22. ASM Performing Arts — For our friends in the Great White North! ASM Performing Arts is Montreal's "most highly regarded actor training studio."
  23. The WWW Virtual Library Theatre and Drama — This page offers a pretty extensive selection of links covering a wide range of theatre topics. They all won't be great, but there are sure to be some gems.
  24. Musicals 101 — Are you interested in musicals? So is John Kenrick, and so he's created this invaluable resource for anyone interested in the genre.
  25. Playscripts Inc — As if you couldn't infer from the title, this site is wall-to-wall scripts, original ones too! While you do have to buy complete scripts, you can read up to 90% of any script for free.
  26. A Primer for Actors — A Primer for Actors is full of information for the budding actor. Subjects covered include resumes, headshots, auditions, and much more.
  27. The Internet Broadway Database — As a fan of film, the Internet Movie Database is one of my most frequented sites. For the Play fans out there, here's the Internet Broadway Database.
  28. Stagehand Primer — While this isn't exactly for actors (though they could learn something), it's very relevant to theatre. The Stagehand Primer is full of useful information for those wanting to go into that line of work.
  29. 10 Minute Plays — 10 Minute Plays is a database of, well, 10 minute plays! They're perfect for putting on a quick show or simply practicing.
  30. USA Plays for Kids — Here's something fairly unique - a site devoted to plays for children. This is perfect if you're in a school setting or elsewhere and are trying to organize a play with young ones.
  31. Absolute Shakespeare — If you're looking to become an actor, you really can't get enough Shakespeare. And this site's content claims to be "absolute," so you should find tons of great stuff.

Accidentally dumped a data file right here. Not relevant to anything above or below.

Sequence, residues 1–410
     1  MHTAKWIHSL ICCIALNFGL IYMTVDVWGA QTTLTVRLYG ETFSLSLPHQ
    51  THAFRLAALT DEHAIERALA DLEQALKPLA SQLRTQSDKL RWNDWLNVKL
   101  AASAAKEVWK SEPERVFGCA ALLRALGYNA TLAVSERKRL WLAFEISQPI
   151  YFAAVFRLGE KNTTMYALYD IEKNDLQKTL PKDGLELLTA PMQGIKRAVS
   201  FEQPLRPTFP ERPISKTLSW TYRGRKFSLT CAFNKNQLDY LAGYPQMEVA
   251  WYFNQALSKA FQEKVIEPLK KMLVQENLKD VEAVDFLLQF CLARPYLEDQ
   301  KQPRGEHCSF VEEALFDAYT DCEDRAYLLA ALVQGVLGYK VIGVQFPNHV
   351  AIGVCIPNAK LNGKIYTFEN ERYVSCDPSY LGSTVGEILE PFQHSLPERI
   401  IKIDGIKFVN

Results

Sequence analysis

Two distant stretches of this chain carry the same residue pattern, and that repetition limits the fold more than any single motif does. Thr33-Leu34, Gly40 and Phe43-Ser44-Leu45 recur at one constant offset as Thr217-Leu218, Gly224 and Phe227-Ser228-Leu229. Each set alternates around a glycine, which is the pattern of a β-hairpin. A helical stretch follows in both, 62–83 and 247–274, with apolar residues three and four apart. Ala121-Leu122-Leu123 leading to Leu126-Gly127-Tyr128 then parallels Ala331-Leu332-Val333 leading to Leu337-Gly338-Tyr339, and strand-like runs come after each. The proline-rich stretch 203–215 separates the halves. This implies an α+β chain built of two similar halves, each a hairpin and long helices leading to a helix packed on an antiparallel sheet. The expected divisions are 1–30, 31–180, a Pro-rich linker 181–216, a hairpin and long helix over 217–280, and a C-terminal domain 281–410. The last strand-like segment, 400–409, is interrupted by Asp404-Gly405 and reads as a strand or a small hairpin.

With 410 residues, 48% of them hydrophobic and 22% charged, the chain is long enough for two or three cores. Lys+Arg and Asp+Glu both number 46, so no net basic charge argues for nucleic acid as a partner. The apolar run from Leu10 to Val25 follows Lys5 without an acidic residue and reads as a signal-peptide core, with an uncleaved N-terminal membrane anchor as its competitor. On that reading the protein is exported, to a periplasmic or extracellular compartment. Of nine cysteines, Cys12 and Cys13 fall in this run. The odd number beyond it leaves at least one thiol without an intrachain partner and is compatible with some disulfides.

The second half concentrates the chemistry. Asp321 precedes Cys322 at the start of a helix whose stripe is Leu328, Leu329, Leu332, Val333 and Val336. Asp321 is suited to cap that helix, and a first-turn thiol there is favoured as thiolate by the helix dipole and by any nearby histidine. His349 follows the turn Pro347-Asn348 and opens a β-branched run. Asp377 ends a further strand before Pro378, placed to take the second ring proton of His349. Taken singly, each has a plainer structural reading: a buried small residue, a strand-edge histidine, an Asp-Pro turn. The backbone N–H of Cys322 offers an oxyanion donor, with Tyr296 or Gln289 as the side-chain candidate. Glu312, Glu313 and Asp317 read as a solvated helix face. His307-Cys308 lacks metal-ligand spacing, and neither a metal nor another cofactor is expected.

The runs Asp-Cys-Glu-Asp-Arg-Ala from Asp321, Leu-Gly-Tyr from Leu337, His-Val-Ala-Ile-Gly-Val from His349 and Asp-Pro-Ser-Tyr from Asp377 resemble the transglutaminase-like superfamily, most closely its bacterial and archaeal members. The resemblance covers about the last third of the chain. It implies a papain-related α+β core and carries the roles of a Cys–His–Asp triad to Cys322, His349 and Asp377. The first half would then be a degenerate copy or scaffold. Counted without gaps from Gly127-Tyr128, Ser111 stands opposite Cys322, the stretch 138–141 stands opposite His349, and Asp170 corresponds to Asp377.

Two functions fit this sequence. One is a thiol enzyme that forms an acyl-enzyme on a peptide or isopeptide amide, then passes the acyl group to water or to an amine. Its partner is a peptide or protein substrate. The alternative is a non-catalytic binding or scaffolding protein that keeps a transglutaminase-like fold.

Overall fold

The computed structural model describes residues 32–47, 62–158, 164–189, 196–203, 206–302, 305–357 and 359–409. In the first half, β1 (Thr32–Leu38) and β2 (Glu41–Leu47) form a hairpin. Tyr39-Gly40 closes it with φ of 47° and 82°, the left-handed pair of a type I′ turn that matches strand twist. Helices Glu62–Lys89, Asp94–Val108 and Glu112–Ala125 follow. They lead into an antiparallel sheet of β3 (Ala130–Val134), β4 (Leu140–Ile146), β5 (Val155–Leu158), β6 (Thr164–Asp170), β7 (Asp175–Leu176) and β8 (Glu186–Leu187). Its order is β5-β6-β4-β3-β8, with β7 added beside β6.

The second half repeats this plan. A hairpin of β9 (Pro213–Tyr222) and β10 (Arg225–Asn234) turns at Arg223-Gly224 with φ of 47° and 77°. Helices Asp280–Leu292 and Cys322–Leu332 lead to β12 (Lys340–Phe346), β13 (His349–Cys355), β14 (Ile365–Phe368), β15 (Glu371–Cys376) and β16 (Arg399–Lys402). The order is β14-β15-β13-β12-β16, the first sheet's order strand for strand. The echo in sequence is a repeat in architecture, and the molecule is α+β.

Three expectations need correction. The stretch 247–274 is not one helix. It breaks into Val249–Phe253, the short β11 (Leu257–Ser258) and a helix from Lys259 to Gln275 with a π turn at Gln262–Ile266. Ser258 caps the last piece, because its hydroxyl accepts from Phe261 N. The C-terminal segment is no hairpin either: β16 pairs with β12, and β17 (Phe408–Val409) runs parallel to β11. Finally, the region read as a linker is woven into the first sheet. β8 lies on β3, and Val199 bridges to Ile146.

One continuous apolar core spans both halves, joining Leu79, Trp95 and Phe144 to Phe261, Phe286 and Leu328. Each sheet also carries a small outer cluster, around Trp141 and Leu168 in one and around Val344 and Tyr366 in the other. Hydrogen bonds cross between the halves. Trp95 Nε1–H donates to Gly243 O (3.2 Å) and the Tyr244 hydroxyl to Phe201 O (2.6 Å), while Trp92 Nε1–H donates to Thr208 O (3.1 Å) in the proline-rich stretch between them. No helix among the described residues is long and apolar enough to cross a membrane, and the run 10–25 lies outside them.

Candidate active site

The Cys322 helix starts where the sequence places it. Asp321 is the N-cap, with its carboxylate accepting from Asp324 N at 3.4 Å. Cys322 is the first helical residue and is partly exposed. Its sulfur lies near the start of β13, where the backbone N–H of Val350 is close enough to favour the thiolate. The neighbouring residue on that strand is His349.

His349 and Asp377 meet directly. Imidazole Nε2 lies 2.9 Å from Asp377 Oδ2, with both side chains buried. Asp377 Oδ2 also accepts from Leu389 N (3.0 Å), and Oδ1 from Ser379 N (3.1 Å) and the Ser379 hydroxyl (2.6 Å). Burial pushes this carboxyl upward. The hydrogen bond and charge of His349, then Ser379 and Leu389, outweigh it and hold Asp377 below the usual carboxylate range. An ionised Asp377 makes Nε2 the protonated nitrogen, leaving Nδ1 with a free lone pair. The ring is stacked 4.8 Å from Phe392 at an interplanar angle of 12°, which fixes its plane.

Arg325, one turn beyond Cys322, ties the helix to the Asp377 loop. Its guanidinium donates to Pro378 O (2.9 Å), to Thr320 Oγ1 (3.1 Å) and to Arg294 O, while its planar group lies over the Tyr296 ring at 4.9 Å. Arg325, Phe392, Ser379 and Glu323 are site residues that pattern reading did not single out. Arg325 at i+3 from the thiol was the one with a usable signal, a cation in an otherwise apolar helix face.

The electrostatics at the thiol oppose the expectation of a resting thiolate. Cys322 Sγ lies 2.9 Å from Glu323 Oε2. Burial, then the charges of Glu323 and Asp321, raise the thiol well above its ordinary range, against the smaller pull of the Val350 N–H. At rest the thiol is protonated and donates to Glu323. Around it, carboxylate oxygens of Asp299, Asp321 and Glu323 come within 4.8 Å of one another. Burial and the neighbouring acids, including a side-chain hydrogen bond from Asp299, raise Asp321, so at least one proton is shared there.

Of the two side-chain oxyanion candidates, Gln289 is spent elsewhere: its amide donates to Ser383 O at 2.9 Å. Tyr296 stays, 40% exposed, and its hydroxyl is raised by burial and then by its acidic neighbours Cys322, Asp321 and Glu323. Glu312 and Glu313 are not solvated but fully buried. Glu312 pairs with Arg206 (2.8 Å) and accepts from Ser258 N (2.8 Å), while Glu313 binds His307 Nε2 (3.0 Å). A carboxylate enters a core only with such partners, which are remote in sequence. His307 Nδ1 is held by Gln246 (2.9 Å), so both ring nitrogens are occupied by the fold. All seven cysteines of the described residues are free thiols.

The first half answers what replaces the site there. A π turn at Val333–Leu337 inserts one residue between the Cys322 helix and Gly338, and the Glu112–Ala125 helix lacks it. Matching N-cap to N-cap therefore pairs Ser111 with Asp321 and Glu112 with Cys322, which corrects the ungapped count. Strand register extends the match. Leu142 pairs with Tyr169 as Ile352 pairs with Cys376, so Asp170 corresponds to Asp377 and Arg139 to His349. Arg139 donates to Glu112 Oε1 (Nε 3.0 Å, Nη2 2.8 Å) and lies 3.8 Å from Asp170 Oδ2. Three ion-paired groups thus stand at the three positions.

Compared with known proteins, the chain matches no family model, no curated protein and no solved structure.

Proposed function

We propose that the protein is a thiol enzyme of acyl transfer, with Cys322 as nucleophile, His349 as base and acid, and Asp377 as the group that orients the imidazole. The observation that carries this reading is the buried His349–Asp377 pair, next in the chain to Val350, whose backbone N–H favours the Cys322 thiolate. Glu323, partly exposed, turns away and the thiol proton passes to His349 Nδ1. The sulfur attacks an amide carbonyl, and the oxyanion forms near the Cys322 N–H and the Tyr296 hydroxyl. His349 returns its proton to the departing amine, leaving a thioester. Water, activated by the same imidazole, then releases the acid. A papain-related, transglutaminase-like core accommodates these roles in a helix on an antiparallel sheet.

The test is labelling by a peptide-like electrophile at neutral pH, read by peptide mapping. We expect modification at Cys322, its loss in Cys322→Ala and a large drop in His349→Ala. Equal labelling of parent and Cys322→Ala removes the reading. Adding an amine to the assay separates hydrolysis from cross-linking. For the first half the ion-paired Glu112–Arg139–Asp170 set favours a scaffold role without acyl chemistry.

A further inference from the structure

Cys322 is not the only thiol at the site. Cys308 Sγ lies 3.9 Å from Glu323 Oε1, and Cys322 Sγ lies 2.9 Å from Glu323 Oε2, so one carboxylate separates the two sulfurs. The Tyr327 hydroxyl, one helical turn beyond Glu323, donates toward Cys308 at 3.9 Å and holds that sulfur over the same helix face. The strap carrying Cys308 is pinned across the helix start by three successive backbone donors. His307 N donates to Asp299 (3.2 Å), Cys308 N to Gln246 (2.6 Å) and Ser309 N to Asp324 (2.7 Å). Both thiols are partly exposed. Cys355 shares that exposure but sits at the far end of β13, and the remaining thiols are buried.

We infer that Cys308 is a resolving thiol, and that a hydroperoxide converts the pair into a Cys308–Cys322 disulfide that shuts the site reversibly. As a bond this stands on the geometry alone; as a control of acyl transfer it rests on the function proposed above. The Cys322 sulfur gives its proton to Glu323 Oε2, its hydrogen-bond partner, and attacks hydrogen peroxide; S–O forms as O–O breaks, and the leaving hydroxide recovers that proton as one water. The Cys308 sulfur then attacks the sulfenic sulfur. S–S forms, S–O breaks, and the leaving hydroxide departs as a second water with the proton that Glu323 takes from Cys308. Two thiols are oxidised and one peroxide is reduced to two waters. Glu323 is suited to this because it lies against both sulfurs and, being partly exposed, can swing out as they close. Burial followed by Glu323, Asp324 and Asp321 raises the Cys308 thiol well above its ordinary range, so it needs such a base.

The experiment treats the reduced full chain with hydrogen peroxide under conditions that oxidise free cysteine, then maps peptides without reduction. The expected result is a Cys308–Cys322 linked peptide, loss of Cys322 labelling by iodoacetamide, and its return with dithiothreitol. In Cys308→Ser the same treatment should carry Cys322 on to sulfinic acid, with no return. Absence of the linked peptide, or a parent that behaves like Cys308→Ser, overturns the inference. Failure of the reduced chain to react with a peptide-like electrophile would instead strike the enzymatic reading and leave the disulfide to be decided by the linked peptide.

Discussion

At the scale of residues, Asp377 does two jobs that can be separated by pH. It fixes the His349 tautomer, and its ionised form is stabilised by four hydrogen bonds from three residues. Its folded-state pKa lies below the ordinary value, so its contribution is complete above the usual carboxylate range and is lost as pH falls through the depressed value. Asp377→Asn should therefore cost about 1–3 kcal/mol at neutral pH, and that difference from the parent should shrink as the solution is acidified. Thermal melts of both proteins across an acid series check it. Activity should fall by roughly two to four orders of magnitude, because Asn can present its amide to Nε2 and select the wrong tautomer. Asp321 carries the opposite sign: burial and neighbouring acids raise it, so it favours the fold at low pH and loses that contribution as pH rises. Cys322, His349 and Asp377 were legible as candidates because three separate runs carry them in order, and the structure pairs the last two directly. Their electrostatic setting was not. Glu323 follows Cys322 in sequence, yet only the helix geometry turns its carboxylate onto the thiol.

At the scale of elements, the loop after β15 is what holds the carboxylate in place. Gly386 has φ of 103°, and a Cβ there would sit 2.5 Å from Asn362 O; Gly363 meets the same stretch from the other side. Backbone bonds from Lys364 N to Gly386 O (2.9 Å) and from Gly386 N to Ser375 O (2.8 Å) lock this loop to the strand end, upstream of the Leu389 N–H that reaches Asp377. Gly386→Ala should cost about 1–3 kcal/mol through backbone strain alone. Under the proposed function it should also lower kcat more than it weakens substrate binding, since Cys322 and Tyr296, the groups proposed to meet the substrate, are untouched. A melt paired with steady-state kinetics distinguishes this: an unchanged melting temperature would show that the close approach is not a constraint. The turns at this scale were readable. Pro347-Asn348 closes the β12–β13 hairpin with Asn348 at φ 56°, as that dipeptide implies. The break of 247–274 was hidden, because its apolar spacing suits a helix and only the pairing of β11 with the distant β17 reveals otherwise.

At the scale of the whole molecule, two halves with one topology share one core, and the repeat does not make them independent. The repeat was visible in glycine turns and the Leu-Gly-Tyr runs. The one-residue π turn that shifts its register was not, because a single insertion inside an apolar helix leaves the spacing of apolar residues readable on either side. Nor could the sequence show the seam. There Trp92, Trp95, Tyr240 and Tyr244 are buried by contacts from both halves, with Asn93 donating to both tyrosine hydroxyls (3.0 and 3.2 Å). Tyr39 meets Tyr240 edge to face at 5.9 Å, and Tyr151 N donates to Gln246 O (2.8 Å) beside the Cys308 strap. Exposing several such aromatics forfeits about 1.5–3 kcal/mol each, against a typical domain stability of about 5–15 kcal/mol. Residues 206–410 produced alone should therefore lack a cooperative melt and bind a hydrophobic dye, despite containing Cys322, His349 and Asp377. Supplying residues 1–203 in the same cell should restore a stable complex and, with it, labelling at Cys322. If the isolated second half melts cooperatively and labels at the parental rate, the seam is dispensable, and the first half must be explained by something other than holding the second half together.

32. The Puppetry Home Page — There are a lot more to the performing arts than just acting, and while it may not be as popular, Puppetry is still an art form! A good page with general info.
  33. Musicals.Net — Another great resource for those who love musicals. You'll find information on all your favorite musical productions, including song lists and lyrics.
  34. Asian American Theatre Revue — A useful little site for Asian American theatre, you'll find plenty of info on plays that are happening, including a calendar. You can even submit your own production if it fits the criteria.
  35. Bob Hope and American Variety — And now for something a little different - Vaudeville! This site talks about more than just Bob Hope, using his life and performances to discuss Vaudeville in general.
  36. Kabuki for Everyone — I don't know how many people reading this list will be looking for Kabuki resources, but the form should definitely be represented. As the name suggests, this is a very accessible resource.
  37. Landing Place — For those already giving it a go in their respective field, this site dedicated to the performing arts and the artists behind them could give you the boost you need.
  38. Magic for Socialism — Now this is an interesting little site. Ian Saville uses his skill in magic and ventriloquism to speak out against capitalism. Even if you don't agree with his political message, his magic is pretty great.
  39. Theatre History — For those very serious about theatre, this wonderful page contains a plethora of information regarding the origins of theatre as well as the various types found around the world.
  40. Theatre on a Shoestring — Another fantastic crash course site, this one aims to help you produce "quality theatre on a tight budget." Lots of links with plenty of info.
  41. Theatre History in Europe — Another site for serious theatre buffs, Theatron not only tells all about the history of European theatre, but does so with some pretty advanced software.
  42. Vaudeville History Ohio — This list needs more Vaudeville! This page contains plenty of info on Vaudeville shows and performers. It's limited to the Ohio region, but it's great information all the same.